Could a TV Gig Be In Dr. Fauci’s Future?

Could a TV Gig Be In Dr. Fauci’s Future?

On Monday, Dr. Anthony Fauci, the director of the National Institute of Allergy and Infectious Diseases, announced his intent to retire from government work in December.

His first stop after announcing his decision? An exclusive interview with MSNBC’s Rachel Maddow.

Maddow, asking about the increasingly distorted definition of “the truth,” asks Fauci what we can do in a world where “objective reality, or nuance is, by definition, the enemy.”

Fauci responded by saying that the “complete distortion of reality” we see will continue to be a challenge.

“I mean, a world where untruths have almost become normalized, how we can see something in front of our very eyes and deny it’s happening,” Fauci told Maddow. “That’s the environment we’re living in. You could look at January 6 on TV, and you have some people who actually don’t believe it happened. How could that possibly be? And it’s now spilling over in denial about public health principles.”

As the Maddow appearance underscored, Fauci is an expert communicator, having given thousands of interviews in his decades of public service. But he has become a regular presence on TV for the past two years as the COVID-19 pandemic took hold around the world.

In the depths of the pandemic, he was almost ubiquitous, appearing on every network almost daily, while also sitting down with podcasters, YouTubers, and anyone else looking for guidance around the pandemic.

In his statement announcing his retirement, he said that he plans to stay in the public sphere after he steps aside.

“After more than 50 years of government service, I plan to pursue the next phase of my career while I still have so much energy and passion for my field,” Fauci said. “I want to use what I have learned as NIAID Director to continue to advance science and public health and to inspire and mentor the next generation of scientific leaders as they help prepare the world to face future infectious disease threats.”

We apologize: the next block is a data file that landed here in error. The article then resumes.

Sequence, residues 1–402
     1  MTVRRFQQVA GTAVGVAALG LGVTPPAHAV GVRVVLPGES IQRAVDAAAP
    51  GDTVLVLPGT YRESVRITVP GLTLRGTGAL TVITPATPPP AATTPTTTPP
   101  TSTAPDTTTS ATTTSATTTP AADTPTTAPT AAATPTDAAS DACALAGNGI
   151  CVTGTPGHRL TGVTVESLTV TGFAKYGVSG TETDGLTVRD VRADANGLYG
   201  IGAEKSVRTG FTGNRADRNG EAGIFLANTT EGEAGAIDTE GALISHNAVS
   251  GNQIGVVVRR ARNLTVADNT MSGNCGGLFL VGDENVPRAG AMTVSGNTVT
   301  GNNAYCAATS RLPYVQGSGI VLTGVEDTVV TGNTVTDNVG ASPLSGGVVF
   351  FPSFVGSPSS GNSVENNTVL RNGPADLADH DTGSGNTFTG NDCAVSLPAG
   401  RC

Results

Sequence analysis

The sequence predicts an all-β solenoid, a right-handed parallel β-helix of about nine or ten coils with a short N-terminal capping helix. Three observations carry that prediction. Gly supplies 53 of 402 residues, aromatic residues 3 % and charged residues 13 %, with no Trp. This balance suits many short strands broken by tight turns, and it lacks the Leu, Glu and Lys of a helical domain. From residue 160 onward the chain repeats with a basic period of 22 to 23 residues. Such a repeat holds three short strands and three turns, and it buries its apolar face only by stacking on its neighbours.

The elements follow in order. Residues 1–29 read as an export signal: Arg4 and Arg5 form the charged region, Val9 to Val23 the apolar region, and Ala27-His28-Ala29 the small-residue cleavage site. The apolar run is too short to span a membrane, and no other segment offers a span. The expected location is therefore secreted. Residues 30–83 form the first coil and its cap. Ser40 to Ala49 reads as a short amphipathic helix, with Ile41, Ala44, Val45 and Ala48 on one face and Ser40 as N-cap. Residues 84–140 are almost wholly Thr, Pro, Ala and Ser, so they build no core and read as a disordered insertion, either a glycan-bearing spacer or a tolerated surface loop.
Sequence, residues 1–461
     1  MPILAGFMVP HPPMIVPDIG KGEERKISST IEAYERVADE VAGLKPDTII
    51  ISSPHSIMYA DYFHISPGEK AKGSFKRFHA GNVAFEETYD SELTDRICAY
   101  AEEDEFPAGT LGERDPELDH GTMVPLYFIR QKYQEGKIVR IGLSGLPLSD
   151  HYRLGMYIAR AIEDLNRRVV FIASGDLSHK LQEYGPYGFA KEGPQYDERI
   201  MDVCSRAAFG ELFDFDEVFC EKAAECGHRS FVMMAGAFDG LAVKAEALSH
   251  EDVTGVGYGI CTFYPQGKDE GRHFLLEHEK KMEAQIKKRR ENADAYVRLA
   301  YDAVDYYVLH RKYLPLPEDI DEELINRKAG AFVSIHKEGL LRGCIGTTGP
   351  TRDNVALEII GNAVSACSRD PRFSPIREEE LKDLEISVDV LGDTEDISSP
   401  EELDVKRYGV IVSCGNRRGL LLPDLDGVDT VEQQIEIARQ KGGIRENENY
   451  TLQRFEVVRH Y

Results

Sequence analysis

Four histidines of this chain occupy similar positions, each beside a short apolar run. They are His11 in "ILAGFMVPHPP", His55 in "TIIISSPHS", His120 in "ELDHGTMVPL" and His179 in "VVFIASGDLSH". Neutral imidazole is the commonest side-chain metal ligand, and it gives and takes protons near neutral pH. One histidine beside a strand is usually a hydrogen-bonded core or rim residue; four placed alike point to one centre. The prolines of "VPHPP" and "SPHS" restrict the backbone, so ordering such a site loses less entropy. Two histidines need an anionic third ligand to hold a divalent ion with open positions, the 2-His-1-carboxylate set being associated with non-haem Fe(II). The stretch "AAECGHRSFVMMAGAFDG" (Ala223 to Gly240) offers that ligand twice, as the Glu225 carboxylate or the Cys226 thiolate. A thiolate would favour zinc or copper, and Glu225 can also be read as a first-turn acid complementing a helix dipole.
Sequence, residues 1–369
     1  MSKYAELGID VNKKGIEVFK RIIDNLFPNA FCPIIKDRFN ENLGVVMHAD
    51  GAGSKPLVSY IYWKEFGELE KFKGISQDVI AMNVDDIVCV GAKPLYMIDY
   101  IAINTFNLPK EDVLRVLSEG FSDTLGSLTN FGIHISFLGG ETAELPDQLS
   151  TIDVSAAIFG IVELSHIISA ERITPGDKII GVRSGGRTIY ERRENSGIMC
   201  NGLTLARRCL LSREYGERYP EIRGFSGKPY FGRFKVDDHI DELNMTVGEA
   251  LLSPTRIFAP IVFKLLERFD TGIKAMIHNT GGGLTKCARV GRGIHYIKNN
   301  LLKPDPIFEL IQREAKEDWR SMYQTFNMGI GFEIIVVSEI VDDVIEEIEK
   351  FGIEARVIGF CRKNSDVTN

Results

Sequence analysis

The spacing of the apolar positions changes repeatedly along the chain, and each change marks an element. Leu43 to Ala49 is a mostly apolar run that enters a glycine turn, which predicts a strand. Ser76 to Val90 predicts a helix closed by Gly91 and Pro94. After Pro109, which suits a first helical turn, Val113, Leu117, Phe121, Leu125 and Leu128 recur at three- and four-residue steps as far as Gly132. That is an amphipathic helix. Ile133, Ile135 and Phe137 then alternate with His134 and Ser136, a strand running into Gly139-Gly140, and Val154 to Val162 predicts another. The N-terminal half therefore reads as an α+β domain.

That will include a book, but beyond that little is known. But his appearance on Maddow, and his effortless comfort in front of the camera beg the question: Would Fauci pursue a TV deal?

TV news organizations have long showered high-profile figures with lucrative analyst deals, and Fauci would be a prized target for a medical contributor role.

Sources at two different TV news outlets tell The Hollywood Reporter they believe their networks would absolutely pursue a deal with Fauci, though they both cautioned that they were not aware of any ongoing talks (government ethics rules could limit some conversations until he officially retires, though that didn’t stop former White House press secretary Jen Psaki from feeling out the market).

No TV news outlet would comment about their interest in Fauci on the record, though multiple networks noted that they regularly look to add new contributors.

Even before the pandemic, doctors have been among the most important contributors to TV news outlets, with some, like CNN’s Dr. Sanjay Gupta, becoming anchors and correspondents in their own right.

But the pandemic underscored just how disruptive and important medicine is to the world, touching every aspect of our lives, from politics to the economy. And Fauci, with his willingness and ability to weave together medicine, science and politics would be a logical addition to any contributor lineup. (During the pandemic, Fauci has been dedicated to appearing on nearly all major broadcast and cable channels. On Monday night, Tucker Carlson compared Fauci to Fidel Castro, but on Tuesday, Fauci gamely appeared on Fox News’ Your World.)

That’s why his appearance on MSNBC Monday night was so intriguing. MSNBC has already become a landing pad for a number of Biden administration officials (Psaki, Symone Sanders), why not Fauci? And for that matter, why wouldn’t ABC, CBS or CNN have their own interest in hiring America’s most famous infectious disease doctor?

It’s that possibility that hung over the end of Fauci’s MSNBC appearance Monday.

“Thank you for a lifetime, so far, of service,” Maddow said. “I can’t wait to see what you do next.”